Cormier has found her­self

‘It’s get­ting bet­ter but there’s still some stigma’

Cape Breton Post - - CAPE BRETON - SHARON MONT­GOMERY sharon.mont­gomery @cb­post.com @cape­bre­ton­post

SYDNEY — Kyla Cormier has not only found her­self, but also her fu­ture.

“If you don’t know who you are and you’re strug­gling with your iden­tify, it’s hard to be happy and con­tent in life be­cause there’s al­ways this in­ter­nal strug­gle of ‘who am I?’ and ‘where do I fit in?’” said Cormier, 25, of Whit­ney Pier, a pro­duc­tion tech­ni­cian at the High­land Arts The­atre in Sydney.

Cormier is pan­sex­ual. Be­ing bi­sex­ual means be­ing at­tracted to more than one gen­der, while be­ing pan­sex­ual means be­ing at­tracted to peo­ple re­gard­less of gen­der.

“I don’t look at the gen­der of the per­son, I look at who they are and what’s in their mind and their hearts,” Cormier said.

How­ever it was a strug­gle to get there, there were doubts and there was pain.

Cormier was only 15 when she first came out as a les­bian to her close friends and par­ents.

At­tend­ing the former Holy An­gels high school in Sydney at the time, she says it wasn’t easy be­ing in the midst of the teenage years when you’re still try­ing to find who you are and where you fit in.

“Grow­ing up I was strug­gling with, ‘Am I at­tracted to this per­son or am I just think­ing that I am be­cause I’m told that I should be?’” she said. “There was a joke go­ing around my school that if you’re bi­sex­ual or pan you’re just greedy be­cause you just want ev­ery­body.”

Cormier said those com­ments hurt.

“It def­i­nitely didn’t make you want to come out any­time soon.”

As well, she said there was a stigma from some in the LGBTQ+ com­mu­nity, at­tached to those iden­ti­fy­ing as bi­sex­ual and pan, it was more looked at as if a per­son would be “in-be­tween” de­cid­ing if they were straight or gay.

As a re­sult she said there was that fear — if you come out as any­thing but a les­bian, that you’d be re­jected by the queer com­mu­nity.

“It has def­i­nitely got­ten bet­ter over the years, but when I first came out it was a big fear of not be­long­ing any­more,“she said. “It took me a while to (dis­cover) I was pan­sex­ual and not just a les­bian. It’s get­ting bet­ter but there’s still some stigma there.”

While find­ing her­self, she also found her pas­sion.

Grow­ing up you see op­tions for chil­dren in the­atre through act­ing but never in be­hind-the-scenes roles such as a the­atre tech­ni­cian, she said.

While at­tend­ing Cape Bre­ton Univer­sity, the­atre sud­denly ap­peared be­fore her and she re­al­ized she didn’t have to be an ac­tor to get in­volved. Three years ago she be­gan vol­un­teer­ing at the High­land Arts The­atre and it has evolved into a full-time job.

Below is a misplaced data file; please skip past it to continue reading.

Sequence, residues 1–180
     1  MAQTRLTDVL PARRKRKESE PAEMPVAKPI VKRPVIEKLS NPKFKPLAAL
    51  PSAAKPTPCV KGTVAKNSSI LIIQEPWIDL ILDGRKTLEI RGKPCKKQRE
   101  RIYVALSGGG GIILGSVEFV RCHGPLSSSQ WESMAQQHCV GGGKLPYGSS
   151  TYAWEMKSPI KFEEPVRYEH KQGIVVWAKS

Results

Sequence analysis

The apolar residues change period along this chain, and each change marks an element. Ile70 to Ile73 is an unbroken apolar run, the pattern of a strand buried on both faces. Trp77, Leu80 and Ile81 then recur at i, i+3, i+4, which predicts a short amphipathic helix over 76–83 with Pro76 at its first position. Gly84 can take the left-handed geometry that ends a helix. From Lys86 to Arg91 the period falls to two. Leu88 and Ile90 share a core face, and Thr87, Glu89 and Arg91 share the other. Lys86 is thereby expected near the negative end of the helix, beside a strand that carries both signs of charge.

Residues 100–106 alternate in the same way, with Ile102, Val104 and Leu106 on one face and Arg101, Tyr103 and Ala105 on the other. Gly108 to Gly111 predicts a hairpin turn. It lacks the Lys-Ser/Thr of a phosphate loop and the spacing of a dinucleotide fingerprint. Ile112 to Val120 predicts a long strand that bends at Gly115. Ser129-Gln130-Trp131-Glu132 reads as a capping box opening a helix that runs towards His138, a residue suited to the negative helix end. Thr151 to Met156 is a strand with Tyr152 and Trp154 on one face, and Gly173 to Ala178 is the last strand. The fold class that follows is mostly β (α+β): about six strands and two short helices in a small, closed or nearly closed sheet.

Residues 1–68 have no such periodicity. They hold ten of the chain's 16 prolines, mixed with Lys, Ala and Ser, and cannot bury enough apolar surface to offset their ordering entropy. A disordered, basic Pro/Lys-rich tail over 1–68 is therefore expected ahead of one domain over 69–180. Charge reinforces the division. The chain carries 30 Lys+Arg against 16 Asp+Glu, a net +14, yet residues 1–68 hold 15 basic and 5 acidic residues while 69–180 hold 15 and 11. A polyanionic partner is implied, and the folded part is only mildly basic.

“It be­comes a pas­sion, you do it be­cause you love it,” she said. “The the­atre right now has be­come my whole life.”

The COVID-19 pan­demic put a lot of the the­atre’s plans on hold but Cormier spent the down time at the the­atre do­ing ren­o­va­tions and paint­ing.

“Just do­ing some facelift to the build­ing so when we re­open it (would be) a lit­tle nicer for ev­ery­body.”

Al­though the big shows and events were can­celled, the the­atre adapted in­no­va­tive ideas that Cormier ex­cit­edly talked about.

In July pri­vate movie screen­ings were hosted for any­one wish­ing to see a movie on the big screen. Now a re­vived sea­son is bring­ing the­atre back to the pub­lic in a safe way. Able to ac­com­mo­date 400 pa­trons, they will seat 50-75 as a so­ciald­is­tanced au­di­ence.

This month the usual 20-per­son pro­duc­tions are re­placed with one and twop­er­son pro­duc­tions. “House” is a one-per­son pro­duc­tion by Daniel MacIvor and “John and Jen” fea­tures Emily O’Leary and Kevin Mun­roe.

The the­atre also has an in­no­va­tive fundraiser of monthly do­na­tions un­der­way, with a goal to raise $50,000 to pro­vide free the­atre.

“Once we have that (money) we don’t need to charge for tick­ets, ev­ery­thing is free,” she said.

“Mak­ing it ac­ces­si­ble to ev­ery­one is go­ing to be a great thing for the com­mu­nity as a whole.”

Cormier said con­tent­ment in find­ing her­self has brought peace as she con­tin­ues her fu­ture in the­atre, where she con­cen­trates on grow­ing and push­ing the bound­aries of what she does.

For any­one go­ing through what she did grow­ing up, Cormier en­cour­ages peo­ple to keep in mind no mat­ter how you iden­tify, the peo­ple in your life who mat­ter aren’t go­ing to judge you for it and if they do, they don’t de­serve to be in your life.

“I think find­ing your­self is a strug­gle es­pe­cially if you don’t have the knowl­edge (of) what’s out there but ev­ery­one comes to it in their own time.”

SHARON MONT­GOMERY-DUPE • CAPE BRE­TON POST

Kayla Cormier, 25, of Whit­ney Pier, at the High­land Arts The­atre in Sydney, where she’s em­ployed as a pro­duc­tion tech­ni­cian. Cormier said she’s pan­sex­ual and al­though there’s still a stigma at­tached, she’s con­tent in her heart now, hav­ing found her­self.

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